“I opposed passage of No Child Left Behind because I believe excessive federal intervention in education is not in the best interest of Kansas students and schools. The Every Student Succeeds Act does not go far enough in reducing the counterproductive federal mandates currently dictating K-12 education, including NCLB’s torrent of annual testing mandates. Federally mandated testing requirements have a significant impact on local school decision making. While S. 1177 is an improvement from NCLB, it still gives Washington bureaucrats too much say in curriculum development, school testing and assessment decisions – functions best handled by states and local school districts,” Moran said in a released statement.
U.S. Senator Joni Ernst (R-IA) joined U.S. Senator Chuck Grassley (R-IA) in support of the bill.
“As a mother and grandmother, I believe education should be handled at the state and local level, by Iowans, not Washington bureaucrats,” Ernst said in a released statement. “The bipartisan Every Student Succeeds Act rolls back many of the failed policies established under No Child Left Behind. This legislation ends the Common Core mandate and other federally prescribed academic standards imposed on our states. In addition, ESSA moves our education system away from a Washington top down, one size fits all system based on test results. These long overdue reforms give our individual states greater flexibility to design and implement their education and accountability standards as they see fit.”
“I believe this is a positive step forward to ensure our students have access to quality education, and empower our parents, teachers, local school boards, and states to make the best decision for their own students,” Ernst added.
U.S. Senator Mike Lee (R-UT) spoke against the bill on the U.S. Senate floor on Tuesday afternoon.
“Our 1960s-era, top-down model of elementary and secondary schooling has endured, essentially unchallenged, for so many decades that the education establishment has come to take it for granted. For many policymakers and education officials in Washington and in state capitals around the country, the status quo isn’t just seen as the best way – but as the only way – to design K-12 education policy today,” Lee said during his speech.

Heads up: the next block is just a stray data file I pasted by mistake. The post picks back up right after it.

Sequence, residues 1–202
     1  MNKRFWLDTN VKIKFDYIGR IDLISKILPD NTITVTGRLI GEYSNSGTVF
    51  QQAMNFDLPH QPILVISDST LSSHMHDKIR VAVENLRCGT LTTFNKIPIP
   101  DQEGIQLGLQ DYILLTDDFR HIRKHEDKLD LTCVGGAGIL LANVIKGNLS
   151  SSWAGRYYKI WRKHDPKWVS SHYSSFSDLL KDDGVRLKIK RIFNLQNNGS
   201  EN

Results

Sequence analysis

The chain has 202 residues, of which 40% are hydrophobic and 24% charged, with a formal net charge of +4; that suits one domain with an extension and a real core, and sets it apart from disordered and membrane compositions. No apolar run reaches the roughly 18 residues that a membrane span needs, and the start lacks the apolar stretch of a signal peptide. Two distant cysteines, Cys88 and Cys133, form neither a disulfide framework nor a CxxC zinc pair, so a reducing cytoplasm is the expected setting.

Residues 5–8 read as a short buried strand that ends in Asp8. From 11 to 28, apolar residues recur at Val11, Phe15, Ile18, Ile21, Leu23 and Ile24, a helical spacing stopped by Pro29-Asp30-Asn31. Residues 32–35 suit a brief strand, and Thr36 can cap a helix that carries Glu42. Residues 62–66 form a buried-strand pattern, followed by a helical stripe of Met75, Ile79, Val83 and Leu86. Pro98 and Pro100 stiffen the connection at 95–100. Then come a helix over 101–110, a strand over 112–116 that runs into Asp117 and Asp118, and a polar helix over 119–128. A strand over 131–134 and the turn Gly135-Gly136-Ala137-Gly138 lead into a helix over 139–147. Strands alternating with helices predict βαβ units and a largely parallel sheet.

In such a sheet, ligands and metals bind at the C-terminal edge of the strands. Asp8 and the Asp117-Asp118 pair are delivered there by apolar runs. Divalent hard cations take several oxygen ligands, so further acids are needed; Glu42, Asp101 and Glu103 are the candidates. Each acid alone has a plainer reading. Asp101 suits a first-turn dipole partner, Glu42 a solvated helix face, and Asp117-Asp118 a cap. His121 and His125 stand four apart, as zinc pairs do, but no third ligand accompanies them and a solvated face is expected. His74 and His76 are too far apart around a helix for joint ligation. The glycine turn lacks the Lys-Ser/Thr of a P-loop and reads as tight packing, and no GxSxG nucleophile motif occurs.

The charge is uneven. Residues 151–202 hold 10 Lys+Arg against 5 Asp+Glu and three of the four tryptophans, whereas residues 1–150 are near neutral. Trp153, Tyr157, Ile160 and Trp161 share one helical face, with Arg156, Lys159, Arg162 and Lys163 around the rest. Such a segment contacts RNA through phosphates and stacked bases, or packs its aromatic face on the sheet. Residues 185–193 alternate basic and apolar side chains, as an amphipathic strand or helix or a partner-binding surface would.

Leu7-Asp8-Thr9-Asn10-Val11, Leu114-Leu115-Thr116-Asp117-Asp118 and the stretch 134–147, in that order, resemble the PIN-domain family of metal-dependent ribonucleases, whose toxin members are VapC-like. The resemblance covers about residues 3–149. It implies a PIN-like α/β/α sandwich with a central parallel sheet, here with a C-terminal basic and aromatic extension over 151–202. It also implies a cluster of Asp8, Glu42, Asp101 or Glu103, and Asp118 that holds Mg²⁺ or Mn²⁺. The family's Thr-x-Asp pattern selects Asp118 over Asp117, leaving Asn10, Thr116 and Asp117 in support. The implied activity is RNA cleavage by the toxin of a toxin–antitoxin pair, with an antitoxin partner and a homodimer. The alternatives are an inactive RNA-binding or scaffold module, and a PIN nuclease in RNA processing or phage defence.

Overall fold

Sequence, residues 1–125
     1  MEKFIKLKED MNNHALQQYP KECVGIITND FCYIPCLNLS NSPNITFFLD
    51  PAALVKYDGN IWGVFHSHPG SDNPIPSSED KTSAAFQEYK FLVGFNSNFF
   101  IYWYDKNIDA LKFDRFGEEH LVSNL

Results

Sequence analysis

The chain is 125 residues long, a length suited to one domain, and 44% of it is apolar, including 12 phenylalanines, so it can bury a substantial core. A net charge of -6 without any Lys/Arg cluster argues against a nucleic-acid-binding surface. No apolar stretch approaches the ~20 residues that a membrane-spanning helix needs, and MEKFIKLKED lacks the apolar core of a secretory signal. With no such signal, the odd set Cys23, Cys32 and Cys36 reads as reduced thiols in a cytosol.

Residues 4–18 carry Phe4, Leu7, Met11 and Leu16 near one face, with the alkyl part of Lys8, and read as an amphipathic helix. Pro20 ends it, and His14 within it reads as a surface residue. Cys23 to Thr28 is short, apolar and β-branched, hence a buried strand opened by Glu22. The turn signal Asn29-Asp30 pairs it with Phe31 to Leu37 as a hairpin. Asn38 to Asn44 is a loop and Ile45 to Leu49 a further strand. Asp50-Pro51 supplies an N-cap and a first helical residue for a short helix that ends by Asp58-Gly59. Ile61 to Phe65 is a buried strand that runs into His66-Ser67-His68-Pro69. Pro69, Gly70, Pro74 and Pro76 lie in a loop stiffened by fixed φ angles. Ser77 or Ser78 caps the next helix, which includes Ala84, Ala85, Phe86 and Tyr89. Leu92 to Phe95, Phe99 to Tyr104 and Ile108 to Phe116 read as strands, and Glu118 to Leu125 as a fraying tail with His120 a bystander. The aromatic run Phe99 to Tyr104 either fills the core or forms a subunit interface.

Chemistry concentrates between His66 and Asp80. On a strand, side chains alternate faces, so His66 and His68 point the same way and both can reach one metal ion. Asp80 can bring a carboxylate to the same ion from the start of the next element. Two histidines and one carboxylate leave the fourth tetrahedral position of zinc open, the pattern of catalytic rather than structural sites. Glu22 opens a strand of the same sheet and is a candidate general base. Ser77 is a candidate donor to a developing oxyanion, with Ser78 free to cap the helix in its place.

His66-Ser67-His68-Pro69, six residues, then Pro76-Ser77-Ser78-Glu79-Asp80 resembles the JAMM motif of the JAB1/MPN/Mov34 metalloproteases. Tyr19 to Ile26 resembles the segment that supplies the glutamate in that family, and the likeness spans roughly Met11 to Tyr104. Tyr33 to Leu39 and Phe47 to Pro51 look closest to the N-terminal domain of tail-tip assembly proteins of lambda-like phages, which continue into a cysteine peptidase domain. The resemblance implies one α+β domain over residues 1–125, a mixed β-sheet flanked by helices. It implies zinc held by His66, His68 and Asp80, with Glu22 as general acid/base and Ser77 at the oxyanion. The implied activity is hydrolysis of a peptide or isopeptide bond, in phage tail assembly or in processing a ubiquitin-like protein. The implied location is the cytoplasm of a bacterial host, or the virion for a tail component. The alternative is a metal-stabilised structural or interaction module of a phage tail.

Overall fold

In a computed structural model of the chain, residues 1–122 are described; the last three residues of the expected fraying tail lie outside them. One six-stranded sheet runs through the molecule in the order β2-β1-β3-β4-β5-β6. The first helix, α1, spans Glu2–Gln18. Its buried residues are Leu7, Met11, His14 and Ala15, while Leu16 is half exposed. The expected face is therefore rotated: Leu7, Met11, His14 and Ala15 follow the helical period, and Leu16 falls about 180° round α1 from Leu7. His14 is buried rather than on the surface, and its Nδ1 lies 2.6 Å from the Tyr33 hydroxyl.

[Tweet “.@SenMikeLee: “the status quote isn’t just seen as the best way, but the only way.” #StopESEA]
“The only reform proposals that are given the time of day are those that seek to standardize America’s classrooms, enforce uniformity across school districts, and systematize the way that teachers teach and the way that students learn,” Lee later added.”
U.S. Senators Roy Blunt (R-MO), Michael Crapo (R-ID), Steve Daines (R-MT), Mike Lee (R-UT), Jerry Moran (R-KS), Rand Paul (R-KY), James Risch (R-ID), Ben Sasse (R-NE), Tim Scott (R-SC), Richard Shelby (R-AL), and David Vitter (R-LA) voted against cloture and the bill’s final passage. Cruz voted against cloture, and U.S. Senator Jeff Flake (R-AZ) for in favor of cloture, but against final passage.
U.S. Senators Lindsey Graham (R-SC) was absent for the cloture vote, but voted for the bill’s final passage. U.S. Senator Marco Rubio (R-FL) was absent for both the cloture vote and the final vote.
Grassroots activists and education policy experts disagreed with the positive assessment of this legislation.
“In a rush to please the Obama Administration, Congress has foolishly passed this 1065-page bill only one week after it was released. Their ignorance of the bill’s content allowed special interests and the federal government to come out the winners, and parents and students will find themselves less empowered over their child’s education. As the bill is implemented by the United States Department of Education, members of Congress will understand that is was propaganda, not facts, that misled them into voting for ESSA. What a shame,” Erin Tuttle, co-founder of Hoosiers Against Common Core, told Caffeinated Thoughts.
Joy Pullmann, an education research fellow at the Heartland Institute, said the bill’s passage was not a surprise and ultimately Americans are getting the kind of government voters elect.
“It is Congress as usual to pass massive bills lawmakers have not read and even their staffs and legal analysts can hardly have a decent idea of what is inside. We have this kind of government because Americans vote in this kind of government, and Americans do so in part because we are so poorly educated and raised, and we are in part that way because government eviscerates the ecosystem children need to thrive. We’re in a vicious cycle that is going to take herculean efforts and not a few miracles to reverse,” Pullmann told Caffeinated Thoughts.
She said there is hard work ahead to root out a federal role in education.
“And it is not at all prudent to march about demanding Congress do things that we have not politically yet made possible for them, such as eliminating the U.S. Department of Education, no matter how wonderful we believe the results would be. The truth is that big government eviscerates the intermediate institutions that make big government not necessary, so we both have to push for smaller government while doing the on the ground infrastructure work that makes smaller government possible,” Pullmann added. “On the other hand, we cannot fall into despair. Despair also ensures defeat. What those of us who care about empowering families instead of bureaucrats must do is prepare for many decades of educating our fellow Americans because our federally hamstrung local schools simply cannot.”